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Role of the Ocean Prediction Center in Supporting the Recovery Effort for EgyptAir Flight 990

Shortly after the crash on October 31st 1999, meteorologists from the Ocean Prediction Center (known then as the Marine Prediction Center [MPC]) were deployed to the Recovery Task Force Command Center on Pier 2 in Newport, Rhode Island.  They teamed up with a Navy meteorologist to determine the specific weather needs of the National Transportation Safety Board, Coast Guard, Navy, Federal Bureau of Investigation, Public Health Service, and ships of the recovery effort, including NOAA's WHITING.



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The Egypt Air 990 NOAA support team at work.  Sitting from left to right: LCDR Emily Christman, NOAA Corps, CDR Steve Barnum, NOAA Corps, Jim Hoke, Director of MPC, Dave Feit, Chief of Operations, MPC.


MPC provided on-scene, customized weather forecasts and graphics for the search area to these organizations.  The MPC and Navy meteorologists at the RTF were supported by a team of weather specialists working around the clock at MPC's home at the National Centers for Environmental Prediction in Camp Springs, Maryland, and the Naval Atlantic Meteorology and Oceanography Center in Norfolk, Virginia.  As the recovery efforts moved into a more protracted phase after the "black" boxes were recovered, the MPC on-scene meteorologist rejoined the Camp Springs staff, which continued to provide the Recovery Task Force with tailored forecasts in support of recovery operations through November 19, 1999.   After that time MPC staff remained on call to assist the Recovery Task Force as needed.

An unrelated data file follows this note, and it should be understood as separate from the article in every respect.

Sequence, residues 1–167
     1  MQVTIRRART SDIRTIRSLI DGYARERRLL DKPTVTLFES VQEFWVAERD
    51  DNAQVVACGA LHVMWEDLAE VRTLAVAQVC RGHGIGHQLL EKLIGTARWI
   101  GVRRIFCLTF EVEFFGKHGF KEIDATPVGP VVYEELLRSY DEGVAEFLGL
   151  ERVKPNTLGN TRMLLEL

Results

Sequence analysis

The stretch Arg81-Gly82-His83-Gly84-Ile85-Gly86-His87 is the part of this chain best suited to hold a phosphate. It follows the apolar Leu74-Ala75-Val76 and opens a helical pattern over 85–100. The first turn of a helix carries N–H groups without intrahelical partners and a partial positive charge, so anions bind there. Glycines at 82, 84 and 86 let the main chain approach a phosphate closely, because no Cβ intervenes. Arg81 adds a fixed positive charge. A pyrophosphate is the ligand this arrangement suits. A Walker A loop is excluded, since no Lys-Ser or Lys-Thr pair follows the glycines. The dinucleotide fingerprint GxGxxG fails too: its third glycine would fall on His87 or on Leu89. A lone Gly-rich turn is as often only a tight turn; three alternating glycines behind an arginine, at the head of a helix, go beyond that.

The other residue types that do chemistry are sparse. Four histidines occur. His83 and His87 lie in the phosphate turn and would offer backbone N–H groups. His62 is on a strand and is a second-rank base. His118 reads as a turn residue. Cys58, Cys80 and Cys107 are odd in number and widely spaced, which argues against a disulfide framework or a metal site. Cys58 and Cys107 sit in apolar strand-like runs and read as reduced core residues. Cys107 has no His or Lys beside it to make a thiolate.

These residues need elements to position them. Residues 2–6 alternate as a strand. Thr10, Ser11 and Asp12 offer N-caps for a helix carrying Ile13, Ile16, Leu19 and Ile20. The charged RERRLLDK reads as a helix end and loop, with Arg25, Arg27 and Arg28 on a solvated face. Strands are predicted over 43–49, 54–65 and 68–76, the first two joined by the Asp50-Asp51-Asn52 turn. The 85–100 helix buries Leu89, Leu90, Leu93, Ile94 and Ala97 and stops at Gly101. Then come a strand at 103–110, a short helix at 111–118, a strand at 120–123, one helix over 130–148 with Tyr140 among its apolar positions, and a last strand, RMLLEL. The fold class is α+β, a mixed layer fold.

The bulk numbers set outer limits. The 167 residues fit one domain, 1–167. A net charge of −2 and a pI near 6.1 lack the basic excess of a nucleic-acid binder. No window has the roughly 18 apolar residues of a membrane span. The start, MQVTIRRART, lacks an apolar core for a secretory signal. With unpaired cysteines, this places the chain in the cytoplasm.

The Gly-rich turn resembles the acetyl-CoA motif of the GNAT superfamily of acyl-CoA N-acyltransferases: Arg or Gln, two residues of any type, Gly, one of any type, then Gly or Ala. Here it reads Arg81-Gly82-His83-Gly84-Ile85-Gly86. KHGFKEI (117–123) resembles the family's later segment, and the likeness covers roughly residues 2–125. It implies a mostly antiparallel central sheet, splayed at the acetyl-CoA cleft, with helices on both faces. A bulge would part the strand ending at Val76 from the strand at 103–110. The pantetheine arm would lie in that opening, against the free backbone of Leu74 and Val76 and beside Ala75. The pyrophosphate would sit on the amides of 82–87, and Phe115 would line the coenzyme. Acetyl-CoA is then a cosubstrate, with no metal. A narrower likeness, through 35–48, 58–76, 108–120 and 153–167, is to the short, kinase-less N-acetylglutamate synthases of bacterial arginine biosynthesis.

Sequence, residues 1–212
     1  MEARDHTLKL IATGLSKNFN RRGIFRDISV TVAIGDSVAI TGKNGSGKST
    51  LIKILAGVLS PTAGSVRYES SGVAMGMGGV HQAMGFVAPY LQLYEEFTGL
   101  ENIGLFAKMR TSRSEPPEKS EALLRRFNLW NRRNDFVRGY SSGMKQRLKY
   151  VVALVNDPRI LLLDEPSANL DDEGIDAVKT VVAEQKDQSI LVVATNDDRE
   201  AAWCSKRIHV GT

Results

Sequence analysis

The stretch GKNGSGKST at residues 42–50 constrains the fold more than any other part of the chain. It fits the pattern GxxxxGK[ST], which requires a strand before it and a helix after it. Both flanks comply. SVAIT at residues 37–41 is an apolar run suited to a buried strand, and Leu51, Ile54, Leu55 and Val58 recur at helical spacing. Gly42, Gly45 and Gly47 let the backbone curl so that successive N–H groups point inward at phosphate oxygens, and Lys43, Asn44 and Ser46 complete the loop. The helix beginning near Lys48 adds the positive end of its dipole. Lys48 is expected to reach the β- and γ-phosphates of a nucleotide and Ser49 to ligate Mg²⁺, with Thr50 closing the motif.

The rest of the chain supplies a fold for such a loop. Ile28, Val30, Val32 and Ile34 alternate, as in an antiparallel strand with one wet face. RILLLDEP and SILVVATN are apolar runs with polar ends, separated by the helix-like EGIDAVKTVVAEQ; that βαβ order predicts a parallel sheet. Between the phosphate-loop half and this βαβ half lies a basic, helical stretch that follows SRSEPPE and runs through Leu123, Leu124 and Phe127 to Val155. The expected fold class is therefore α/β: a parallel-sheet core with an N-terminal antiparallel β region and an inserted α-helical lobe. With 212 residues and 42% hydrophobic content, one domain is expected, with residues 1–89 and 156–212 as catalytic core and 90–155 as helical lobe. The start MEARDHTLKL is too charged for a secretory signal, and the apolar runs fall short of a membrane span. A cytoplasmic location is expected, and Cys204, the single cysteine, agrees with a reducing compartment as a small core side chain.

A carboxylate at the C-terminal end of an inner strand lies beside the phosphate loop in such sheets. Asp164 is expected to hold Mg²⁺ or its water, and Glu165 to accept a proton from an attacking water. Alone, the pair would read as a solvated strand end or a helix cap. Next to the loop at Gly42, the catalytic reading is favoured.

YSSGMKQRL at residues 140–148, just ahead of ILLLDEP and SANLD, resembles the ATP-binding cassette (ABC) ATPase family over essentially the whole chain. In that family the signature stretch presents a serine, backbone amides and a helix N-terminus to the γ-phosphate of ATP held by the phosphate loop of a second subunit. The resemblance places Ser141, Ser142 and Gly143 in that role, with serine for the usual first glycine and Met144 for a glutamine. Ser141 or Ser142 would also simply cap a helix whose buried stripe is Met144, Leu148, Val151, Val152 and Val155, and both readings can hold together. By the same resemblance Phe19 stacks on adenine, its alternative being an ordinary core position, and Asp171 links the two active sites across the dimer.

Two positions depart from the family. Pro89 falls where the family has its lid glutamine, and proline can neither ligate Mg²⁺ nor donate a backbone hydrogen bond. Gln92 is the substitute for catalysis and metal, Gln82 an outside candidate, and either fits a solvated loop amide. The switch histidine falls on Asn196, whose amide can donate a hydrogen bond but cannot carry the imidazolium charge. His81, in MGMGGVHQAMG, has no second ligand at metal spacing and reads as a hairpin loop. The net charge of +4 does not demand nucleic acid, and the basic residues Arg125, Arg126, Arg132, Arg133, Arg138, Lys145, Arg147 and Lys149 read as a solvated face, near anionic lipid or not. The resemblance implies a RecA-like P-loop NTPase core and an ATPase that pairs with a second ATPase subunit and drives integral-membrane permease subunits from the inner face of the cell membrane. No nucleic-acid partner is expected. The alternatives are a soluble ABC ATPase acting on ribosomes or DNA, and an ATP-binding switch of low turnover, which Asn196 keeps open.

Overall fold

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The NOAA ship Whiting preparing to deploy from the dock at Newport, RI.  MPC forecasts allowed recovery vessels such as the Whiting to make the 10 hour trip back to port for resupply, crew rest, and equipment repair during periods of high seas.


Marine forecasts of wind speed and wave height are of extreme importance during search and recovery efforts.  Weather conditions at sea usually differ greatly from conditions on land.   A NOAA weather buoy at the edge of the search area provided invaluable data during this time.  Other observations were drawn from NOAA and DoD satellites, commercial ship volunteer weather observers, and the recovery vessels themselves.  NOAA and Navy forecasts of favorable weather windows enabled ships to be on the scene and ready to operate whenever breaks in bad weather conditions allowed recovery operations to resume.